Clifton: That old car was my love and independence
At what point can a person say he or she is independent or self-sufficient? Is it when he or she is totally free from the support, influence and control of others?
For many people like myself, a huge step toward a self-sufficient life is the day they can stop asking their parents for rides. We spend a whole childhood dreaming about this day, until one day we find ourselves driving in our own cars.
I had a job within walking distance from my home, and, while my mother insisted that I walked to this job, I thought that I seriously needed my own car.
For me, this job provided a reason to seek independence (even if it’s only in driving my own car) from my parents.
After about a month of parading myself up the street every day to where I worked, I found my future car at the neighbor’s house. Her name was Lucille and she cost me a whopping $700!
I know you probably don’t think that’s befitting of the word “whopping,” but remember, I was just 16 and in high school.
I knew that it was a deal that couldn’t be passed up. She was a 1995 Honda Civic. I liked everything about this car. It was love at first sight, except for one problem—it was a stick shift.
At 16, I could barely figure out a four-way stop, let alone drive a manual car. But deep in my heart, I knew that this car was my one-way ticket to the freedom that I had dreamt of my entire childhood.
I knew my one choice was to learn to drive this shift stick—and I was determined.
I stalled that car repeatedly while listening to my dad irritably explaining for the 100th time how to shift into first gear. After a few tears and a couple skid marks, I did it.
I was finally free. No more asking Mom for rides. No more waiting around for forgotten pick-ups.
Sure, Lucille was older than me, and you could only faintly see her blue tint under the rust covering her body, but to me she was beautiful. She got me where I wanted to go, and that’s all I could ever ask for.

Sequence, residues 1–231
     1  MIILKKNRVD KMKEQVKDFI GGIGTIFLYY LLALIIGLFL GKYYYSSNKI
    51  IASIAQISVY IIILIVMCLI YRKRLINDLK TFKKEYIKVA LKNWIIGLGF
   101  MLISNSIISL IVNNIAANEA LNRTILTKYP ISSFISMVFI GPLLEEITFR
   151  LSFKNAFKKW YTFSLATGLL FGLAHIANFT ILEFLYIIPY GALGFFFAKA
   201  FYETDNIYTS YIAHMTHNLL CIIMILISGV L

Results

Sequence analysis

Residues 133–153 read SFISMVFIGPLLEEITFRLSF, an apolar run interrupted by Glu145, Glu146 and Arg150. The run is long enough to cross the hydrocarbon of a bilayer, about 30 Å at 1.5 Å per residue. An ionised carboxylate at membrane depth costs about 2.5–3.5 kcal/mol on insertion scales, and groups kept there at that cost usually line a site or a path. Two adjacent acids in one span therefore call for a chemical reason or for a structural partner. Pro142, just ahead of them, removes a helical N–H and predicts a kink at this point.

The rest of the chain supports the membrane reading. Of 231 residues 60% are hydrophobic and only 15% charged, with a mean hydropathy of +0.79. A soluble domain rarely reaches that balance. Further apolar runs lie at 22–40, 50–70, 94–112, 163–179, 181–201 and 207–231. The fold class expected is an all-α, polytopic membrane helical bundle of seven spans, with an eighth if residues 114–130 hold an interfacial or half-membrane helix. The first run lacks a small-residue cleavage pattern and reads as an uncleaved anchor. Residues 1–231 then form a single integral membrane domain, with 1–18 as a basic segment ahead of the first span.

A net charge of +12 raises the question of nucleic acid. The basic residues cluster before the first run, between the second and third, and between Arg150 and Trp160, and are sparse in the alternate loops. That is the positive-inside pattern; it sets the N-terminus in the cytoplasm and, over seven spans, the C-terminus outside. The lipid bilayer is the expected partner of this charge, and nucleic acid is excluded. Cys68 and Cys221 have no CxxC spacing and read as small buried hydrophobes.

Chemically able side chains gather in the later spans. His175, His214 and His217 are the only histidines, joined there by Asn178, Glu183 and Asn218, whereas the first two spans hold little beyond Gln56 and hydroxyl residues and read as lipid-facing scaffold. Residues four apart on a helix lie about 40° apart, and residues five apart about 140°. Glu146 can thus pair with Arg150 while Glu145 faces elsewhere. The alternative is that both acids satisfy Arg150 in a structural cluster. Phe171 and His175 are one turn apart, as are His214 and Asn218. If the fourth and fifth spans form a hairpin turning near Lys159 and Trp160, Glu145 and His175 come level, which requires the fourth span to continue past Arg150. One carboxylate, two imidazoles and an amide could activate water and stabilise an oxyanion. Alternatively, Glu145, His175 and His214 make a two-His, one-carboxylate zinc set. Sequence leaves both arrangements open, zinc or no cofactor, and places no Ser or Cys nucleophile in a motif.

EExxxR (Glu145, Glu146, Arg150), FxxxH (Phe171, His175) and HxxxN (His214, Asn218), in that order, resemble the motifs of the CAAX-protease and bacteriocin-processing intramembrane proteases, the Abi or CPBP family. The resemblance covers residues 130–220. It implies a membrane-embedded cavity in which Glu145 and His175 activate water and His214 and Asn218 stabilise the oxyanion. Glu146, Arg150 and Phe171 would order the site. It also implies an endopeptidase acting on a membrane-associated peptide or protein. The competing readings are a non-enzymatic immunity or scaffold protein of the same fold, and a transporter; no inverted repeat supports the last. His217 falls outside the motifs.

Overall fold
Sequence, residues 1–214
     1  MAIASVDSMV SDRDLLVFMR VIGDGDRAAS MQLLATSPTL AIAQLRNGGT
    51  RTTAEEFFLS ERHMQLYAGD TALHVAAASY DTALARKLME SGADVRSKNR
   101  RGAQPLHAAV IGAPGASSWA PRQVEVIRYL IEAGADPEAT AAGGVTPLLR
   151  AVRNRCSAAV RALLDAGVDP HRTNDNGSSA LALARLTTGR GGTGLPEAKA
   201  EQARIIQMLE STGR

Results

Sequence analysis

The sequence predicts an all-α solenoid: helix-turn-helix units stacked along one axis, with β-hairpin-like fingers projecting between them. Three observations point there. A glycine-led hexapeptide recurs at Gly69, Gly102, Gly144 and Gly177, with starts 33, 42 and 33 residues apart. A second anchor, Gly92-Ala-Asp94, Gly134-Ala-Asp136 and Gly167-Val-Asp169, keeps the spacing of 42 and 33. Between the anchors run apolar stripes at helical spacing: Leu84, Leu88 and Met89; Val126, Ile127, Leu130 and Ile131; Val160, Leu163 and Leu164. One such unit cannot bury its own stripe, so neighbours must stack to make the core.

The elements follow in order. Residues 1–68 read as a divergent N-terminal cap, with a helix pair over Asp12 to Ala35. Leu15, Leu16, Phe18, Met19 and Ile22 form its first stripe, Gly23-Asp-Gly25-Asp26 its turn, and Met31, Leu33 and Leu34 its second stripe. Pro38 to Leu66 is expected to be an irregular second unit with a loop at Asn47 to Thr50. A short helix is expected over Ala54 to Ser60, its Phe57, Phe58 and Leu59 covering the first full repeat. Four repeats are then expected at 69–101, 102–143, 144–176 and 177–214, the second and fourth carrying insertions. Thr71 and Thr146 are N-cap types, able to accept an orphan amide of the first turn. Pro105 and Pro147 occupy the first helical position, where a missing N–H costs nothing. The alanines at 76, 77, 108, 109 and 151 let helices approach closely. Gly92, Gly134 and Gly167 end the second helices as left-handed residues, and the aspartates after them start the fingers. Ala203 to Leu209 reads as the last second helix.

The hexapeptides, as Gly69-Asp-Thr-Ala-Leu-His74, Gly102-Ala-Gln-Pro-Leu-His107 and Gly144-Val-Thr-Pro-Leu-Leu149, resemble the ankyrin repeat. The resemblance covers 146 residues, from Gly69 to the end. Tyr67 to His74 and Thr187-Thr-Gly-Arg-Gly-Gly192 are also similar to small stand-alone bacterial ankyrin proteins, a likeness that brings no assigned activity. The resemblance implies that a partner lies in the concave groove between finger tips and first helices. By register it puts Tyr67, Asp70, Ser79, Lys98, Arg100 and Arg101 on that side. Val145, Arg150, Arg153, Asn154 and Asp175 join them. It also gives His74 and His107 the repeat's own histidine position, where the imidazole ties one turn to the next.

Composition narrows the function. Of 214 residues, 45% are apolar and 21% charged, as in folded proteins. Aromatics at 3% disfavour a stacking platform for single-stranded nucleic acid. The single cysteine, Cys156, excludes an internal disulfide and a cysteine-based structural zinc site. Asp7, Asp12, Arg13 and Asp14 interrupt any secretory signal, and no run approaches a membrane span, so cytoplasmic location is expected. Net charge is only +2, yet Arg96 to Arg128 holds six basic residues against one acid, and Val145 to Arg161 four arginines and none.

A few weeks ago, however, Lucille died, and I mean that in the most personified way possible. Although it was just a car, Lucille and I had memories together, and she represented a major part of my life.
On the drive back from a day trip to Ann Arbor, she overheated and began smoking. I don’t mean just a little exhaust either. I mean the type of smoking where you debate getting out of the car in hopes that you don’t blow up with it.
She didn’t go up in flames, but I knew at that moment she was a goner. My $700 beauty was toast.
I wasn’t upset; the car was 22 years old, and I knew this day would come eventually, but the car dying was nothing less of a heartbreak.
I’ve had breakups, and they hurt less than this expressway explosion. Not only did I not have my car, but I did not have a car, and just like that my independence was gone.
It felt as if I was in high school all over again, asking for rides to and from school. For the first time in what seemed like years, I was bored. I could no longer go where I wanted, when I wanted.
Who knew that a lack of mobility could make you feel so subordinate? Thankfully, I now have a new car, but it will never be Lucille.
I learned a few lessons through all of this. I learned that you should never turn your cheek to a hooptie, because that rust bucket might be the best car that you ever own.
I also learned that one should never take his or her car for granted. I learned this the hard way this past few weeks. I realized how much I relied on those wheels to do just about everything in my life.
Although the Lucille is gone, she will never be forgotten. Rest in peace Lucille (Lucy). There’s nothing like a first car kind of love.